I wandered the Lower East Side with Megan in search of galleries only for us to realize and remember that almost all are closed because it’s the end of August and a Tuesday. Does the cooling of the air bring about the change of attitude, or do collective emotions have the power to dispose of the heat? Coolness is not always related to sadness, as much as it wants to be, as much as I want it to be. This air has its own neutrality, balancing a breeze and the occasional heat of the sun freed from overcast patches.
It was Megan’s birthday. Virgo season is solidly here. We got happy hour frozen margaritas at San Loco, cactus-pear flavored, talking about Eileen Myles and Anne Carson as we drink our drinks, then ordered seconds and take shots. “Let’s get drunk,” I found myself saying. Glass shades of different shapes and colors hang over the counter with the register. Various other couplings of customers seem to appear and disappear, sometimes leaving us alone, with the exception of a kid occupying the corner booth, drinking an orange soda and writing out letters with glittering slime, presumably a descendant of one of the bartenders working the register. I’m reminded of my mornings accompanying my mom to her kindergarten class, or of joining my dad at his auto-shop, looking at the looming blue coveralls hanging in his office in the grey morning light, or of when my coworker Liz brought her son King to work and he sat at one of the stools and played on his Nintendo DS for about five hours.
After leaving the bar I cried out to Megan a hope that I would find a postcard. (I didn’t.) Sometimes I fall into these periods, for several days to a week or more, where my dreams are so demanding mentally that I wake exhausted, for no apparent reason until I finally remind myself or am reminded somehow of the elaborate detailing of my sleep the previous night. Not all dreams are equally crafted. Obviously, some are much more vivid than others, requiring much more attention as you sleep. Unfortunately, sometimes those are the ones you remember the least. It makes remembering that I had a dream about looking the slippers all the more pathetic.
The past couple of nights I’ve been dreaming about kissing, I know, because the feeling lingers throughout the day, much in the way that a normal bout of someone else’s face leaves strong emotional traces, but I’ve also been dreaming about my grandmother, my dad’s mom. Scents of hers have been presenting themselves, the solution I bought to clean the floors, a whiff of perfume on the subway. I bought cheap plastic containers outside of the subway with simplistic flower-diamonds which remind me of her living room. James and I ate orange creamsicles, prompting Megan to reminisce on banana-pops, which James and I discover we both only had at our grandmothers’ houses, along with the Scooby-Doo push-pops. The fact that I received a card from this same grandma today may or may not be related to all of this. I sent her a postcard last week. I want to send her another. I bought nice tall glasses in the Lower East Side with some of the money she sent me, the money she never lets me refuse in person. That refusal is the only time I will see her get stern with me. I didn’t find a postcard. I need one.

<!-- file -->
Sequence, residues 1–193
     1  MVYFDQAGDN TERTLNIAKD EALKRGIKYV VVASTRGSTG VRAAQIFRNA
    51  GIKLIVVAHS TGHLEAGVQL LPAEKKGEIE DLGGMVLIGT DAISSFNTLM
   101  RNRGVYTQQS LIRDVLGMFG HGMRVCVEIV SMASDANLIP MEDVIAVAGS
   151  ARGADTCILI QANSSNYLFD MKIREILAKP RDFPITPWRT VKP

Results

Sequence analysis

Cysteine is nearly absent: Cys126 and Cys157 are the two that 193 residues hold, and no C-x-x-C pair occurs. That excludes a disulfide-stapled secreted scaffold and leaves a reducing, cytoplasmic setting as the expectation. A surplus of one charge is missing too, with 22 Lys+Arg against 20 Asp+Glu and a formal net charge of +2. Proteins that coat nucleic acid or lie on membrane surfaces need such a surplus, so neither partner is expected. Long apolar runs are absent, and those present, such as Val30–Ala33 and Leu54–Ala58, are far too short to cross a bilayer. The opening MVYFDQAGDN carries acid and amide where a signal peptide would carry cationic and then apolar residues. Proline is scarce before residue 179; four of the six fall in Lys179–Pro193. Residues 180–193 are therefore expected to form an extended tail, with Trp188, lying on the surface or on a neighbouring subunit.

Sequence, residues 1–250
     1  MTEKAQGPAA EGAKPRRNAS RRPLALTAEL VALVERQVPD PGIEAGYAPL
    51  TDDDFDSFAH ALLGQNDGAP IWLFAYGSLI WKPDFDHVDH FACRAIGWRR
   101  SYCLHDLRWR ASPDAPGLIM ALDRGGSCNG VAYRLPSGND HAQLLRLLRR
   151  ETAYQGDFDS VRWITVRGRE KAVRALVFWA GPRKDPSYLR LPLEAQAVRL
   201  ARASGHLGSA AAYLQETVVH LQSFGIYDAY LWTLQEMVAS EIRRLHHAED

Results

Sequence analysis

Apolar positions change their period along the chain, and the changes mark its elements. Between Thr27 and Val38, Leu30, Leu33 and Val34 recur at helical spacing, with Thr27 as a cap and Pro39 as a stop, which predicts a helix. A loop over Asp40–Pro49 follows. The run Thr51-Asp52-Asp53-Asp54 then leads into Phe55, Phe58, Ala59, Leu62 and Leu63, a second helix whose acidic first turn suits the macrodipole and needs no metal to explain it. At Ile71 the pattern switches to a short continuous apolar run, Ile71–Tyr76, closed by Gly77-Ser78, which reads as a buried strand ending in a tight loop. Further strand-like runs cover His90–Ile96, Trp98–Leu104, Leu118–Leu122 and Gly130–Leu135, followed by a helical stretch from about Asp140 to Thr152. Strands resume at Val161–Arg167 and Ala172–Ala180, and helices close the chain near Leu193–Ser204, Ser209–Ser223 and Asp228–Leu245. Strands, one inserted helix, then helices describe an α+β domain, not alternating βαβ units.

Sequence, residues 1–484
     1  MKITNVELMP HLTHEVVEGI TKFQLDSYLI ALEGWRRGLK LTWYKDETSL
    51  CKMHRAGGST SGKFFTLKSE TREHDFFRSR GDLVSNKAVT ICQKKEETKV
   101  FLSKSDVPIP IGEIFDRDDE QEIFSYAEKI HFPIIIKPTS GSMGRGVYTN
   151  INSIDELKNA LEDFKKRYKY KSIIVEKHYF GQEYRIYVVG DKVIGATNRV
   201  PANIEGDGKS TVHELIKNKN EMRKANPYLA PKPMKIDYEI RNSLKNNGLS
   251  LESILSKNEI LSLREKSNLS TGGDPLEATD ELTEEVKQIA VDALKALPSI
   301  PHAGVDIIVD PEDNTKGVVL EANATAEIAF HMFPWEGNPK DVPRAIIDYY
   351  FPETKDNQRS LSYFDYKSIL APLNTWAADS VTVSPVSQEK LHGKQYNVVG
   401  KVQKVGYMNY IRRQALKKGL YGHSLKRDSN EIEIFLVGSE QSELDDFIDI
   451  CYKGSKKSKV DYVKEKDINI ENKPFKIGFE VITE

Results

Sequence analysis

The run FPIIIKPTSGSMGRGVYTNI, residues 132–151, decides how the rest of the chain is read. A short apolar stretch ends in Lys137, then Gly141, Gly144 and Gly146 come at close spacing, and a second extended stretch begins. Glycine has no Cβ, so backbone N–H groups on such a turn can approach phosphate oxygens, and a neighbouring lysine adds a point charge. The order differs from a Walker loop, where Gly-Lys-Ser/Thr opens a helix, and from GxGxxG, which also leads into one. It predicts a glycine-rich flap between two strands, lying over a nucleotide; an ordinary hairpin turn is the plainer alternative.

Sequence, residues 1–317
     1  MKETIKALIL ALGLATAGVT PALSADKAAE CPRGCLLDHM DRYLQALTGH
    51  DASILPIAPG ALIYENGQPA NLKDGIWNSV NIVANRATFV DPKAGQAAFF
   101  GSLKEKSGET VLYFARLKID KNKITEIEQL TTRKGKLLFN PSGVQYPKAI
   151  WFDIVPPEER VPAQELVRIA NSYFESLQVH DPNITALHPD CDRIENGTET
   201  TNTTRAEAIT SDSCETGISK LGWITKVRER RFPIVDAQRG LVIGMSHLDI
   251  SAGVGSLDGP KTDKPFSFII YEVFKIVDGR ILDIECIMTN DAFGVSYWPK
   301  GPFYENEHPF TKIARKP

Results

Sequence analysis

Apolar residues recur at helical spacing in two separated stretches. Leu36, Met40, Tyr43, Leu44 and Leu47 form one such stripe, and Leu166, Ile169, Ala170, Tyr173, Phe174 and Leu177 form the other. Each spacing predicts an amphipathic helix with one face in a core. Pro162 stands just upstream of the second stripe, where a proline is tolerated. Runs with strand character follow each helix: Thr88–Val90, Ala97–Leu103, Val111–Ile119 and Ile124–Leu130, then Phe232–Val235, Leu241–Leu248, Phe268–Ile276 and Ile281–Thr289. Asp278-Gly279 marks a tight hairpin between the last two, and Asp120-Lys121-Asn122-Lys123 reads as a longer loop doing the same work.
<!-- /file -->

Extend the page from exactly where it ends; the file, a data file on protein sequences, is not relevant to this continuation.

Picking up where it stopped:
Megan and I have aspirations of moving to the Lower East Side. Contemplating, she remarked, “But if we stay in the apartment for two years, we’ll be 25 when we leave.” A horrifying thought. When I left Oakland I told myself I wouldn’t consider moving (out of New York) again until I was 25. How do you determine whether an amount of time is too long or too short? When Megan mentioned this again to James on the rooftop while we ate our birthday feast in the nighttime air by candlelight, James cackled in shock. On Friday they’ll be moving back to Long Island for the last semester of their undergrad. It’s still hard for me to fathom. The summer is coming to a close and I still haven’t accepted that I’ve been back in New York for an entire season. It’s somehow felt much longer and shorter than that. But I’m coming to realize any moment can be stretched taut; many moments can pile on top of another. The last time I ate on a roof with Megan was in 2018, at my apartment in Crown Heights, as we drank gin and tonics and ate fried rice, watching a gold-pink sunset.
Tonight, James, Megan, and I fought to swiftly light birthday candles around the perimeter of Megan’s birthday cake. I pleaded to run downstairs to get my camera, the glow from the circle was so nice. In the stairwell, I heard James howl. On my return, they informed me the wind had won, blowing out every flame. Together, we lit them again. As James finished the last ones, I poised my camera, singing happy birthday. I took pictures, the circle lit once more before finally, Megan extinguished them herself.